The History Boys. Encore Performing Arts. The Duchess Theatre. Long Eaton.
Arguably, one of Britain’s most famous and well-loved plays, Alan Bennett’s “History Boys, first performed in 2004, yet set in a Thatcherite 1980s grammar school, has certainly stood the test of time. Education, both methodology and outcome, are dissected as eight very different boys prepare for their Oxbridge entrance exams following an excellent set of A Level results. On stage, we are presented with well-meaning, yet flawed adult characters who are tasked with guiding the optimistic next generation who have their whole futures ahead of them.
Irwin (George Lamb) is employed at Cutlers’ Grammar school in Sheffield and disrupts the status quo of the boys’ education at the hands (both literally and metaphorically) of the ageing Hector (Terry Stevenson). Hector teaches behind a locked door, much to the confusion of the other faculty members, seemingly follows no curriculum, teaching French when he should be teaching Literature…oh and he grabs the boys’ testicles as he gives them rides on his motorbike. As a central element to the storyline, this sexual harassment is presently bluntly, as if it’s merely a fact of life that the chosen boys are groped, apparently for appreciation. The relationship between Hector and the boys, is the central relationship in the play, but it is built on deception. Stevenson does a fine job of presenting a character who cares so deeply but is overtaken by his own closeted desires. From enigmatic leader to a broken shell, Stevenson gives us his full repertoire of emotion as Hector’s methodology and actions are called into question. The juxtaposition between Hector and Irwin is clear (youth vs experience), one says follow your heart and the other says, find an angle and exploit it. Despite his transgressions, Hector is presented as the more sympathetic character.
In only his second role for Encore Performing Arts, George Lamb gives us an Irwin who appears to know it all, only for the audience to discover, that his teaching persona is built on lies. Lamb is standoffish at first but does develop a warmth towards the boys, one in particular. He is certain that his way is best. I particularly enjoy the scenes where Irwin and Hector verbally spar.
Mrs Lintott (Lizzie Norris) is the only female member of the cast, and in fact, the only female character written into the play. It’s a masculine world, but not once does this seem to phase her. Lintott is strong and clear and presents her character with fervour. Mrs Lintott is not afraid to speak to her mind, and Norris ensures that this determined woman, who refuses to accept Hector’s wrong doings and espouses the role of women in history to the patriarchy, is given her chance to shine. Playing the Headmaster of Cutlers’ grammar school, Adam Worton, is absolutely dogged in his hopes to achieve top places in the league tables with more boys attending Oxbridge universities than ever before. The character is overblown and a little exaggerated, but this works in a comedic sense. Of particular note is the scene whereby the boys are acting out a scene from a French brothel, trying to hide the fact from the Headmaster while Dakin (Robert Stott-Marshall) has no trousers on!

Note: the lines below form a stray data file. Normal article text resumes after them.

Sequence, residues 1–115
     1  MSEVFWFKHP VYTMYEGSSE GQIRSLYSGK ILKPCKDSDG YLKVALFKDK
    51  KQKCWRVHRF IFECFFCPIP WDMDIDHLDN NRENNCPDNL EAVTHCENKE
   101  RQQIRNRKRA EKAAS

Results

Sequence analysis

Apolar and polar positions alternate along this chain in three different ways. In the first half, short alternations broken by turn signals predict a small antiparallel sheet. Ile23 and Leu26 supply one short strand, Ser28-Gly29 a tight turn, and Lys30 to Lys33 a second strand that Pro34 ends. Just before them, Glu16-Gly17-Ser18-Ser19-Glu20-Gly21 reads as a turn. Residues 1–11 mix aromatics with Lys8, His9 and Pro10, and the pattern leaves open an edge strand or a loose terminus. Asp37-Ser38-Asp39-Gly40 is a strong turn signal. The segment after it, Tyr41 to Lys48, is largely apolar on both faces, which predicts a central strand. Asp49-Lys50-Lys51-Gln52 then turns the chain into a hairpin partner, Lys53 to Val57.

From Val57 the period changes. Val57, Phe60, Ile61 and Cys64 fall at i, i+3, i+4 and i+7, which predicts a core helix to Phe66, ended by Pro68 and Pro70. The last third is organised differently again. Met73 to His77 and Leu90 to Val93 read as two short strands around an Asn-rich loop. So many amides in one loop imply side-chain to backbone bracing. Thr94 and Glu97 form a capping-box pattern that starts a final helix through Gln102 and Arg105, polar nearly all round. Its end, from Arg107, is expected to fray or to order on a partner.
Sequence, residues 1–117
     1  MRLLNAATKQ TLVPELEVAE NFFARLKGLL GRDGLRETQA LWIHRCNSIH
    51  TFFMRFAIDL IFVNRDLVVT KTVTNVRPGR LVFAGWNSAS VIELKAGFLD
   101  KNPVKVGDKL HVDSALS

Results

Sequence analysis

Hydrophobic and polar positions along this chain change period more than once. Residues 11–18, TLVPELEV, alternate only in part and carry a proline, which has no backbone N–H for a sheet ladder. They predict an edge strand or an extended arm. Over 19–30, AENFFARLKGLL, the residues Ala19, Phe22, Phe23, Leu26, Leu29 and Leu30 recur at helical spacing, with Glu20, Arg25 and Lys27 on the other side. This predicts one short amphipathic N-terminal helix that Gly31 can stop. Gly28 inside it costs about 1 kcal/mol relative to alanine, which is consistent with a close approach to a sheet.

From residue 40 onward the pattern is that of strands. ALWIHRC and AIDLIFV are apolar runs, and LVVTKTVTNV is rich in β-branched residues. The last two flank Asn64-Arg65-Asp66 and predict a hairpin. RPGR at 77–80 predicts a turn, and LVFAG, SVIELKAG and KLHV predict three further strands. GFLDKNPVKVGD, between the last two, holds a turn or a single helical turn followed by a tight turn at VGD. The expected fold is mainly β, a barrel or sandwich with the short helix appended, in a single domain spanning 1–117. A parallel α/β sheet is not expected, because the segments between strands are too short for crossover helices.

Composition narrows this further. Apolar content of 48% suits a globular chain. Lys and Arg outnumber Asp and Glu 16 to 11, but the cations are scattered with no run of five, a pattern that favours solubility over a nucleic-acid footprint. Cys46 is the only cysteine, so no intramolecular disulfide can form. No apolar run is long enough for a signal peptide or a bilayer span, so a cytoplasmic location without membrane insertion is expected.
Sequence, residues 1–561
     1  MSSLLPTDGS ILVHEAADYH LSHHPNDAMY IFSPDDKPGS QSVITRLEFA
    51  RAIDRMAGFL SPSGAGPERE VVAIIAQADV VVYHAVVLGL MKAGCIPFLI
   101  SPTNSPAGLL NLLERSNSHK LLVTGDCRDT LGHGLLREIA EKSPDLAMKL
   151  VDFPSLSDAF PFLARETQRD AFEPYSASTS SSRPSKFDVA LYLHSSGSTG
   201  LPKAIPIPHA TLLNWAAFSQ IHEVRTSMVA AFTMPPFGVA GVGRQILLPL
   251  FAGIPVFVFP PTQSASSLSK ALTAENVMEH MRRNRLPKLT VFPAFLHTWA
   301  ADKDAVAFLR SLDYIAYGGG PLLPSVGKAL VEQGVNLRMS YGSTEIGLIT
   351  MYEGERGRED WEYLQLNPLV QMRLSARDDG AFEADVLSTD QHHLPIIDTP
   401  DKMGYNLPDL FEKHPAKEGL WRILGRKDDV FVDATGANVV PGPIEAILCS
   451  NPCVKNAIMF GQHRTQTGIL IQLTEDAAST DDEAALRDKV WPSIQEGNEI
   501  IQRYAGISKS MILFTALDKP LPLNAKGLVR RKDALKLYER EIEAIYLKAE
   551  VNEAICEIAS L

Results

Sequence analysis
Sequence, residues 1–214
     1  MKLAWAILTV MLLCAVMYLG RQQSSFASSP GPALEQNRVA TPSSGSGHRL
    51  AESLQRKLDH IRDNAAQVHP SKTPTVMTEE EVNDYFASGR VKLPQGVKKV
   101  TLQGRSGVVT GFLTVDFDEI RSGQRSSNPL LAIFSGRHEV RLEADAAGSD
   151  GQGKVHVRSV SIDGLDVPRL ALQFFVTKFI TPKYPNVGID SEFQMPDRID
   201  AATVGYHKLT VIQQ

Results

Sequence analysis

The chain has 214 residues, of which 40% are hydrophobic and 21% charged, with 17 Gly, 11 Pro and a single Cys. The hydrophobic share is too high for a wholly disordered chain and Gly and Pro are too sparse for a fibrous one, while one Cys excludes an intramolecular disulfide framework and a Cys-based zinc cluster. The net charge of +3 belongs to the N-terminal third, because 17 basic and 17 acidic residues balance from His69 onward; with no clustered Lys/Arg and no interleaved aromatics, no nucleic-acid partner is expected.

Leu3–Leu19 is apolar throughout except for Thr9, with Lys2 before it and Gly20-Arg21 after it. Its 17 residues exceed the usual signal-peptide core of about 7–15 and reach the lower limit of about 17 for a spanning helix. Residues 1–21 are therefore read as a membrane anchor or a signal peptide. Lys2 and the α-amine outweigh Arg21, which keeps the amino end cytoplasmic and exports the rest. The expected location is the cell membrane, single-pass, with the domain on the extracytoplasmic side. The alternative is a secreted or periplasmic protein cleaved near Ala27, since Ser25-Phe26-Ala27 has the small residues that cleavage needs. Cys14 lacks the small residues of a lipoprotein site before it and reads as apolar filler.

And now for the boys. Scripps (Robert McAuley) acts as a guide of sorts, breaking the fourth wall to give opinions and direction to the audience. McAuley certainly has presence on the stage and is a trustworthy character who gives off an air of maturity beyond his years. Of particular note, is his live piano playing; what a multi-talented young man. Stott-Marshall as Dakin is brooding and highly sexed. He is the boy that everyone fancies (including, it would seem, some of the teachers). Dakin is well liked, and it’s easy to see why thanks to Stott-Marshall’s relaxed demeanour – he plays this part with ease and fully immerses himself into the role. One of the more heart -warming moments is the hug between himself and Posner (Arden-Caspar Jennison); Posner is in love with Dakin, but this never affects their friendship. One of the most memorable lines in “History Boys” comes from Posner: “I’m a Jew, I’m small, I’m a homosexual. And I live in Sheffield. I’m fucked”. Jennison brings humour to the plot, but it is tinged with sadness as he almost betrays his heritage by dismissing the Holocaust. Jennison shows Posner’s light -hearted side and his more vulnerable side with ease.
Rudge (James Wallace) is hilarious as the less-intelligent boy who really does not belong at Oxbridge, but has family connections. Matt McAuley’s Timms brings a real light-heartedness and his love of the stage shines through the character – his cheeky “wahay” at the end as his future is revealed is joyful to watch, as is his turn as a French prostitute. Ahktar (Shantanu Bhumbra), Lockwood (Harvey Latter) and Crowther (Rhodi Denton) fill out the cast of eight boys, and are very good in their supporting roles.
Unfortunately, for this reviewer, the pith and punch that I come to expect from Alan Bennett was somewhat lacking and the pace is too slow. Some of the more humorous moments are lost in the dialogue and the promised 10.15pm end extended to 10.30pm. While the use of the set to create different spaces works well visually, the sometimes lengthy execution of the moves, does slow the pace.
The History Boys is definitely a play that is worth seeing and is playing at The Duchess Theatre in Long Eaton until Saturday 21 September.